When I left each of these schools, there were reasons... some were personal, some were professional. Leaving the students was extraordinarily difficult. Extricating myself from the extra responsibilities was a challenge. I stayed too long in one of my schools and that last year was particularly challenging as the principal no longer appreciated me being on his staff. I stayed because I had made promises to kids, I stayed because I wasn’t ready to go, I stayed because I thought it would get better, I stayed because I thought I could fix it. It was in that moment that it dawned on me that this was how teachers became angry and bitter, when they turn from effective to spiteful and I could feel it happening.

My life circumstances leave me in a flexible place to move easily. A trusted mentor sat across a desk from me and said, “Diana, they are never going to let you be the teacher or leader you want to be. It’s time to go”. While I’ve never been one to seek permission, that conversation stuck in my brain as a pivotal moment. The changes I wanted for that school were not going to happen because the district had different ideas for leadership. The changes I wanted to see would not happen if I were there because it had gotten personally toxic between the principal and I. If I wanted to stay positive, effective and healthy, I needed to leave. So leave, I did. But it wasn’t easy. It nearly broke me to walk away from that place that I loved living. It nearly broke me to walk away from a community that had adopted me for nearly a decade. It nearly broke me.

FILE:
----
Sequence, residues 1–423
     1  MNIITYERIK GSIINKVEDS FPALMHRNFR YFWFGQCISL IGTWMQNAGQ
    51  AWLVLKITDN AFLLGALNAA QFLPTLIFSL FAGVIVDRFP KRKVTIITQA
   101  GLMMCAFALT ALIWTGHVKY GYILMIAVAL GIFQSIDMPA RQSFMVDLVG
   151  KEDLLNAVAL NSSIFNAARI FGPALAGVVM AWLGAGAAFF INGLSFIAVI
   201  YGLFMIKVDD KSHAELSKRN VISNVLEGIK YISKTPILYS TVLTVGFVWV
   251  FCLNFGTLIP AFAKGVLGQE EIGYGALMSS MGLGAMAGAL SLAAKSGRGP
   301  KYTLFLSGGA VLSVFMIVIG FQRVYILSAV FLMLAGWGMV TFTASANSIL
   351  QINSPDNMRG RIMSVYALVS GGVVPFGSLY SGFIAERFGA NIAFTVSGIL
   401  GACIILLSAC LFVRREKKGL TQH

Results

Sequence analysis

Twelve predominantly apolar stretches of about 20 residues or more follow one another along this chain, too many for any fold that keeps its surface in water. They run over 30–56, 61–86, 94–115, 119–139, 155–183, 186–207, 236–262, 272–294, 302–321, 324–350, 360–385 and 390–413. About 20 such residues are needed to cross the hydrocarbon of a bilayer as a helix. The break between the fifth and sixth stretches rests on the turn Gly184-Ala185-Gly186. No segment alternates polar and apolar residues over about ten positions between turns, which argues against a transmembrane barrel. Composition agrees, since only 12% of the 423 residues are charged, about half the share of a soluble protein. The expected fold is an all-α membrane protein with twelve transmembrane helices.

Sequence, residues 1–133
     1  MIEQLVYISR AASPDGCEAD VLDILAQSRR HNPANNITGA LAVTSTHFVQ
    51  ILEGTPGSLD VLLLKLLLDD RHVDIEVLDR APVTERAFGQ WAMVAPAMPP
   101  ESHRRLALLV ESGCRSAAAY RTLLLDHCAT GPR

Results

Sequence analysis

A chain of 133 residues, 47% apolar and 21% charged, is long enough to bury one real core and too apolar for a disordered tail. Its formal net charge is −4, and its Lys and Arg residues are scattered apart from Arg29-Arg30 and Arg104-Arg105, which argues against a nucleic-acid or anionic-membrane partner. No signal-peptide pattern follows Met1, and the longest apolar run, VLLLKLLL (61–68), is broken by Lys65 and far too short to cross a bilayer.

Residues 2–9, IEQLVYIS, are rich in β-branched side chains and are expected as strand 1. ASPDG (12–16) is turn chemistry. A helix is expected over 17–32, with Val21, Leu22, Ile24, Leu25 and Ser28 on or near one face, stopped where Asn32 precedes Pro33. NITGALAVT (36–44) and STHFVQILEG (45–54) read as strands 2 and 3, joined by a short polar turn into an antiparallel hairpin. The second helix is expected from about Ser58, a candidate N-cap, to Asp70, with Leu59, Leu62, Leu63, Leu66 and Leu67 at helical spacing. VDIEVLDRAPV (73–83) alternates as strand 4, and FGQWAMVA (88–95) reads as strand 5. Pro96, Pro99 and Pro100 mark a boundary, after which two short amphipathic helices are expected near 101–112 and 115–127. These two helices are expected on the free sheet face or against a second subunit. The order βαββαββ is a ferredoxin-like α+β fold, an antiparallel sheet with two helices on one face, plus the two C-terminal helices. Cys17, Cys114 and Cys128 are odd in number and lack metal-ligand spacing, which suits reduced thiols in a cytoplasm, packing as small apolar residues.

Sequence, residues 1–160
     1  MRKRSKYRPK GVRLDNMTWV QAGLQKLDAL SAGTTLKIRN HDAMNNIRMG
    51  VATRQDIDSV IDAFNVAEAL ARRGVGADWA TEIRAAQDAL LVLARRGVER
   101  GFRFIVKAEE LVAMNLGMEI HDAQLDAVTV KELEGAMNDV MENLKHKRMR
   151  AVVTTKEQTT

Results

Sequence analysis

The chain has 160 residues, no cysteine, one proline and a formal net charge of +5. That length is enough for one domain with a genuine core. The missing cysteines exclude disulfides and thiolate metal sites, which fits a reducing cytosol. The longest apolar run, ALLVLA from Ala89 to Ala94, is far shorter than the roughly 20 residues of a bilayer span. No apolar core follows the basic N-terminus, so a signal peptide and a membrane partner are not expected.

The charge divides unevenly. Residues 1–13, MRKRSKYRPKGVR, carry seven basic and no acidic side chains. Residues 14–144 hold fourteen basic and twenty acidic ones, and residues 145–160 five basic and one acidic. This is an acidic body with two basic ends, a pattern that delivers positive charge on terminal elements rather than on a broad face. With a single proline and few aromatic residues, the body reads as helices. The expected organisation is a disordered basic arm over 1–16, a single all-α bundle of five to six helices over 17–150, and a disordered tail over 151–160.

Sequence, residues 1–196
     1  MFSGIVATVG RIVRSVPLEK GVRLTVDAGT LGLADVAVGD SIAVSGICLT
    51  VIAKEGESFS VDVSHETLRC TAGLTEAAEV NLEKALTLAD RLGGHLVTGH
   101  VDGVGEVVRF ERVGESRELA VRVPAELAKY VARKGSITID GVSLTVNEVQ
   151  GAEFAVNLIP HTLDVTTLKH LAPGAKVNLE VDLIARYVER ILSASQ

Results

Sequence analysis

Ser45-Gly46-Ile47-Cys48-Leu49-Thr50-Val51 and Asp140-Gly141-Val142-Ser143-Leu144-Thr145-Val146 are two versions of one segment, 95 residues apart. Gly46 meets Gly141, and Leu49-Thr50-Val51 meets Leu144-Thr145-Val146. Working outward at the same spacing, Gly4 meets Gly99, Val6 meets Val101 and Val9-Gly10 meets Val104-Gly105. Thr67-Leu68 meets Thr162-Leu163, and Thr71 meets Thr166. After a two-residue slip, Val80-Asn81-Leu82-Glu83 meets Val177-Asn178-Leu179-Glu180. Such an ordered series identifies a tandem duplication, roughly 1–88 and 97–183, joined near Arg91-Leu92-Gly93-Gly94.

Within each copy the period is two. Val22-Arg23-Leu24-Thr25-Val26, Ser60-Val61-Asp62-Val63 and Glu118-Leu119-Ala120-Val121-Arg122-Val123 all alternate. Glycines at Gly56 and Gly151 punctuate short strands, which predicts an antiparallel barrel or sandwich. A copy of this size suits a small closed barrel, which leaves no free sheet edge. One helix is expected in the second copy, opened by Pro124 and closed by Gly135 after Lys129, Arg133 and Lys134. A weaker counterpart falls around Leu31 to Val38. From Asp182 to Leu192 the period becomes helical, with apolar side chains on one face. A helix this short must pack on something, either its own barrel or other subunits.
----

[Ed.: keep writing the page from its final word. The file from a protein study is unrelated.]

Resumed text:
In all my decisions to join or leave a faculty, I have been fortunate. The people I’ve had the distinct honor to work alongside of is beyond impressive. The communities welcomed me with all my midwestern quirks and commentary. But it is important to always evaluate if it is time to go. Taking that risk into new and unknown, refreshing your career with new experiences, stretching to teach different classes in different places... I’ve never regretted it. But those moments stand as some of the most difficult in my career.

Response From Sarah Kirby-Gonzalez

Sarah Kirby-Gonzalez is a National Board Certified Teacher, 2011 Folsom Cordova Unified School District Teacher of the Year, and Area3 Writing Project Teacher Consultant. Sarah currently teaches fifth grade in Rancho Cordova and serves as Vice President on the Washington Unified School Board in West Sacramento, where she lives with her husband and two young children -- a kindergartner and preschooler:

There are more difficult challenges in teaching than I ever anticipated as a new teacher. Sometimes you are forced to confront distresses outside the classroom caused by the career you chose -- such as the toll it can take on your family. I remember my husband saying to me when we were first married, “I feel like you put your students before me.” I looked at him, and said, “Of course I do. You are a grown man and I have some struggling 10-year-olds who need me.” I now understand how much those words stung and have worked hard to put my family’s needs in proper balance with grading, parent emails, and planning. That can be difficult, because this is a profession where there is always more that needs to be done, and you sometimes feel guilty letting things go.